If U.S. forces engaged in the campaign against the Islamic State lack sufficient surveillance aircraft, their Iraqi allies are much worse off. The United States has provided Iraq with a fleet of manned ISR aircraft, primarily small turboprop aircraft like Cessna 208 Caravans and Beechcraft King Air 350s. But by mid-2014, less than three years after the withdrawal of U.S. troops from Iraq at the end of 2011, those planes were “not operational, and all their aircrews had lost currency,” said a U.S. defense industry source familiar with Iraq’s ISR fleet. Rear Adm. Brian Losey, head of Naval Special Warfare Command, told the audience he wanted smaller, cheaper ISR platforms with smaller payloads, so that partner nations could buy and maintain them.
Meanwhile, the Islamic State’s use of IEDs is taking a toll on the Iraqi security forces Washington is counting on to fight the group on the ground because of the White House’s refusal to deploy American combat personnel. The Islamic State and other militant groups “continue to make an art out of the use of these explosive devices, which have devastating effects on our partners,” Crytzer said, noting that “this has obviously been a long-term problem.”
Indeed, the Defense Department has been trying to overcome the challenge of IEDs — which are really landmines, booby traps, and car bombs by another name — since 2003, when the Army established the Counter-IED Task Force, which became a joint task force and then, in early 2006, the Joint IED Defeat Organization. Of the $24.4 billion JIEDDO has spent, $214 million was for special operations-specific training and equipment, with special operations forces also receiving about another $500 million worth of counter-IED gear, according to JIEDDO spokesman David Small.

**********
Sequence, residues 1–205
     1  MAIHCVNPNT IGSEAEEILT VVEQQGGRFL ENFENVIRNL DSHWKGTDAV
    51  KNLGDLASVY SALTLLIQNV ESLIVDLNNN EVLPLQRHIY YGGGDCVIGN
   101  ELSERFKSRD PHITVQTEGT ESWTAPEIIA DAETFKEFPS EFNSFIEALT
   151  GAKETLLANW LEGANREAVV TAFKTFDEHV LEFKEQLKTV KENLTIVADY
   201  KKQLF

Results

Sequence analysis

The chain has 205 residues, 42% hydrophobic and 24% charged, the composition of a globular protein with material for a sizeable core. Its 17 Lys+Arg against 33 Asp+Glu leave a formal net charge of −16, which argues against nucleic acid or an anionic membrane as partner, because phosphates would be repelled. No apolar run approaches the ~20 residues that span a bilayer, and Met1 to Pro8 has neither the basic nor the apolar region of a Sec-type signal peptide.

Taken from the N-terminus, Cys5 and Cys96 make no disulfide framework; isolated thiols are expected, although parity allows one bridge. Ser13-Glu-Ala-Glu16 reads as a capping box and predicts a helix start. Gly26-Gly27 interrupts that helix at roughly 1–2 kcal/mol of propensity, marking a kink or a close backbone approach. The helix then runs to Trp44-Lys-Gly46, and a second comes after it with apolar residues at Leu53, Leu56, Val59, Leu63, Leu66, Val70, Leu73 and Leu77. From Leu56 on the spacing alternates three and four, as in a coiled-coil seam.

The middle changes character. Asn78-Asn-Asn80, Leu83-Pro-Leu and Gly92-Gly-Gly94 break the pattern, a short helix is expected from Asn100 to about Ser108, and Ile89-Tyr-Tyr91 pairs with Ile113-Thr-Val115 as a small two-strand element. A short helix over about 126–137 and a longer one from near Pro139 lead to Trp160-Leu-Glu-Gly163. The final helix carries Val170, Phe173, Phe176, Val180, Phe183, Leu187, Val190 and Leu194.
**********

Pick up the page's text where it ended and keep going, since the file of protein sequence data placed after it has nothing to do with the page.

But although JIEDDO’s website says “the use of IEDs in Iraq has steadily declined since the summer of 2007,” that was not the impression left by Crytzer, who said the militants are not only emplacing the devices along roadways, but are increasingly wiring entire houses to explode, “which dramatically slows the progress of our partnered forces,” he said. In an emailed statement to Foreign Policy, Small also highlighted the Islamic State’s use of so-called house-borne IEDs, which he described as “a new concept in this fight.” Despite their comments, this tactic has actually been a feature of the battlefields in Iraq and Afghanistan for many years. However, Islamic State fighters are taking the use of suicide vehicle bombs (vehicle-borne IEDs, or VBIEDs, pronounced vee-bids), including those made from U.S. military vehicles captured from the Iraqi military, to new levels. Their recent successful assault on Ramadi was spearheaded by dozens of armored vehicles and bulldozers turned into suicide bombs, including ten as big as that used by Timothy McVeigh in his 1995 attack on Oklahoma City’s Alfred P. Murrah Federal Building. “We are fighting a different enemy today using IEDs in a different way,” Small said. “The VBIEDs are being used on a scale we’ve not seen previously with adaptations that make it difficult for the Iraqi forces on the ground to combat.”